Blood sugar control and mental clarity are two huge benefits to intermittent fasting as well.

Our bodies were not designed to graze.  If we envision going back to “caveman” times, food could be scarce.  When food sources were available it was time to eat a sizable amount and in between they weren’t searching for another protein bar.  Eating 4-6 meals a day is a pretty antiquated practice within the nutrition community, and hopefully with more education the public and the health industry will start to change.

How to intermittent fast?

Here’s what I recommend: a 16 hour fast and an 8 hour feeding window.  This is not meant to be complicated.  You can easily achieve 16 hours of a fast by eating your last meal by 6pm and “breaking your fast” around 10am.  Some people love to eat earlier in the day and some people prefer to eat later. If that is the case for you, then you would consume your last meal at 8pm and break your fast around noon.  All versions are acceptable. 

For more information on intermittent fasting, I recommend reading, “A Complete Guide to Fasting” by Dr. Jason Fung, you can purchase it here. You can also watch my TEDx Talk “Intermittent Fasting: Transformational Technique” it has gained over a million views. WATCH HERE

What to consume while fasted?

You should consume water, herbal teas, black tea, black coffee.  You do not want anything that will invoke an insulin response.  You can add lemon, lime or apple cider vinegar to your water or tea. I do not recommend stevia or artificial sweetener.  The practice and habit is to get into is FASTED STATE.  It is not a game of “what can I add to my coffee to still be considered fasted.”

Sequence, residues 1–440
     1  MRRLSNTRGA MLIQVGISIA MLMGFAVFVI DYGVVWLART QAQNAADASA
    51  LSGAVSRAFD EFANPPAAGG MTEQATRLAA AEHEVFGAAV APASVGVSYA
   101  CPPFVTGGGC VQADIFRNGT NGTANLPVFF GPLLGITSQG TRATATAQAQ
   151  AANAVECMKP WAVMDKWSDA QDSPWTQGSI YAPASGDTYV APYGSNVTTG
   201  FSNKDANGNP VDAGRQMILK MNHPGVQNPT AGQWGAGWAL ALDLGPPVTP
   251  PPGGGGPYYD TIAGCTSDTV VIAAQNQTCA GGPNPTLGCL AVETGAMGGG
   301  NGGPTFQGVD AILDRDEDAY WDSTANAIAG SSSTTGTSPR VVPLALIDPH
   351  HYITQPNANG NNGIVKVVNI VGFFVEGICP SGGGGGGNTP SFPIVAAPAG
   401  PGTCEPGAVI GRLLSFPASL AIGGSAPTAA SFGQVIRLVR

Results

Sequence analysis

Who shouldn’t practice intermittent fasting?

If you have a history of disordered eating or tendencies towards that, you should not try intermittent fasting.  If you have ever been a binge eater, bulimic, anorexic, or have body dysmorphia, intermittent fasting could trigger those tendencies.  

If you have hypoglycemia, or you are a brittle diabetic, if you’re being treated for an acute illness, than it is probably not the right thing for you to try. 

If you have an HPA (hypothalamus-pituitary axis) Dis-regulation, otherwise know as, “adrenal fatigue” you should be very careful because your body could perceive fasting as an additional “stress.”

Simply put, if you have more energy and are mentally clear while fasting then this is a great practice for you.  If you feel lethargy, nausea, or mental fog while fasting, then this isn’t a practice for you and that is absolutely fine.  This is not a one-size-fits-all phenomena.  

Things I like about intermittent fasting:

  1. It’s free
  2. Its adaptable
  3. It’s beneficial to long-term health
  4. It increases fat loss

I would LOVE to hear about your experiences with intermittent fasting. Have you tried it? Did you like it? Have you ever done an extended fast? Let me know in the comments below and if you found this article helpful please share to Facebook, Twittter or Google+ by clicking the icons below.